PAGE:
Similarly, using the “blur” kernel, we see that this kernel decreases the value of the pixel in question to 0.25, but decreases the value of the pixels around it even more, which decreases the overall contrast.

Left: a 3x3 matrix containing the values [[0.0625, 0.125, 0.0625], [0.125, 0.25, 0.125], [0.0625, 0.125, 0.0625]]. Right: Grumpy Cat in greyscale and softened. Caption: the blur kernel de-emphasizes differences in adjacent pixel values.

Sometimes when learning something, it can feel like “Yes, all of this makes perfect sense, and I’ve totally got this,” and then you try to explain it and realize you actually understood next to nothing about what you just heard. Stopping to explain a concept you’ve just learned to someone else, even if that someone is imaginary (or a blog ;) ), is a highly efficient way to determine whether you really understand it!

This moment was one of those for me: we’re running a tensor through a series of convolutions, each reducing the height and width but increasing the number of output channels, and when we’re finished, we have the tensor illustrated below.


512 feels sort of normal, being a power of 2, but why do we stop at 11 in particular for the other two dimensions?

I almost didn’t write this up because to figure it out, I just watched the video and read the notes dozens of times, and didn’t feel like I had anything to add to them, in the end. But to understand it, I had to write it up for myself in a different order than it was shown in the video/notes, so here’s that write-up, in case it helps anyone else.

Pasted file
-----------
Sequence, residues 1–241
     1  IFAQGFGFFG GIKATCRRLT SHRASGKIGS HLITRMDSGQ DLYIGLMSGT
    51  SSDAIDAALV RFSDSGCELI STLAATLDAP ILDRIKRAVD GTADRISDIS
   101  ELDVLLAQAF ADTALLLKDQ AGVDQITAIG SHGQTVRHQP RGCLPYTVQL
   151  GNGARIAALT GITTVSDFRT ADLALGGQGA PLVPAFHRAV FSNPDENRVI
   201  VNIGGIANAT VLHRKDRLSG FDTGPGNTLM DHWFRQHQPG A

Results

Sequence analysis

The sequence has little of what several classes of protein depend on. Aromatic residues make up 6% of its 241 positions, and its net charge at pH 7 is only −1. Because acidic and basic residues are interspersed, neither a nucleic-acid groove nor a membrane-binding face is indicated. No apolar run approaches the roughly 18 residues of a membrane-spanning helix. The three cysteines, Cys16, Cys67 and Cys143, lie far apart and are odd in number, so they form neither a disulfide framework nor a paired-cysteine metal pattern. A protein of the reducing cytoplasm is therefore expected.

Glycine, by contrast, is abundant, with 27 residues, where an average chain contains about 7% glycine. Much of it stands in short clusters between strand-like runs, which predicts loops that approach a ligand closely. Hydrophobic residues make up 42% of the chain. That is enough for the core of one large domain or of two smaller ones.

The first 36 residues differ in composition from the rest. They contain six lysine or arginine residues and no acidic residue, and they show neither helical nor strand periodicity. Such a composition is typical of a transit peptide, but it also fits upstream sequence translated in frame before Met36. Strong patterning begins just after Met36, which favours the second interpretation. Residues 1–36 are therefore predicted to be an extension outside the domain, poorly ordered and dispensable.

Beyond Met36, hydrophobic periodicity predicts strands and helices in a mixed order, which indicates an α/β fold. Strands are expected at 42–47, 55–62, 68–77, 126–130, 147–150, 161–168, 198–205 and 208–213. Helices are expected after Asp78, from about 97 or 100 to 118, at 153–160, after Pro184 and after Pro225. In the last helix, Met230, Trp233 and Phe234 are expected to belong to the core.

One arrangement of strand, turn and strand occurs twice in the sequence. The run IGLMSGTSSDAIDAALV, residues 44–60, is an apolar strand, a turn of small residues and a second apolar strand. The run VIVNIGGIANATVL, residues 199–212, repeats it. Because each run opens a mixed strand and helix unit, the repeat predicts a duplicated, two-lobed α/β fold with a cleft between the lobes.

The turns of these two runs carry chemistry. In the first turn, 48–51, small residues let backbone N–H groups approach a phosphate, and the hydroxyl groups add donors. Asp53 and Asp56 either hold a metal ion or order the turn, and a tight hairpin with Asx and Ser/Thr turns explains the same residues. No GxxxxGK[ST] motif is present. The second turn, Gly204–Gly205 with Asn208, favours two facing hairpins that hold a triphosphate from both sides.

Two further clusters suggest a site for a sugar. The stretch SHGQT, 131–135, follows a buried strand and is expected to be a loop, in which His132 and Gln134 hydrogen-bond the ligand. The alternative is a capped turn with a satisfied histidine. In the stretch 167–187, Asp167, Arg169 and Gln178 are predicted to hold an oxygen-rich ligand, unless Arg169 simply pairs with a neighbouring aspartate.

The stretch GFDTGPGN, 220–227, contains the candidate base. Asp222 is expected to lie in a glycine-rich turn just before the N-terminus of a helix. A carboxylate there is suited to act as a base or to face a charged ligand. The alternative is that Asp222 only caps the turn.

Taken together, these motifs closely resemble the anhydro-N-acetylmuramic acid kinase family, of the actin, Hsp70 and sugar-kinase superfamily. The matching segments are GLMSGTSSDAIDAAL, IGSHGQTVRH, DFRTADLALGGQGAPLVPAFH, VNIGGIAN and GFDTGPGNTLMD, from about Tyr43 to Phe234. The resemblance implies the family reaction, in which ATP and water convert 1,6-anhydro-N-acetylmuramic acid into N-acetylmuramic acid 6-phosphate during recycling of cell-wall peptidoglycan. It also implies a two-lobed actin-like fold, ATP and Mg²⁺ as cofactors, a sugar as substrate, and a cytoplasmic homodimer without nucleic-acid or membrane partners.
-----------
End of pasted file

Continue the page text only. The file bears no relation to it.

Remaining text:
So let’s back up. We started with a tensor representing an image, and that tensor had 3 channels (red, blue, and green), a height of 352 pixels, and a width of 352 pixels. Here’s the shape of the tensor:

Jupyter input cell with the value `t=data.valid_ds[0][0].data; t.shape`, followed by an output cell with the value `torch.Size([3, 352, 352])

We have many images, so many such tensors, but PyTorch expects us to use mini-batches of one image each, so as Jeremy says, we can index into the array with the special value of None , which creates a new unit axis, giving us a rank-4 tensor of shape [1, 3, 352, 352] . This is a mini-batch of 1 image, which has 3 channels, a height of 352 pixels, and a width of 352 pixels. One thing I had to continuously do a sanity check on was that the shape function returns the channels before the height and width, but when we consider the tensors as multi-dimensional matrices, we list the dimensions as height x width x number of channels. So in matrix terms, the tensor above is of dimensions 352 x 352 x 3 (remember the 1 isn’t a dimension of the matrix; it’s the size of the mini-batch).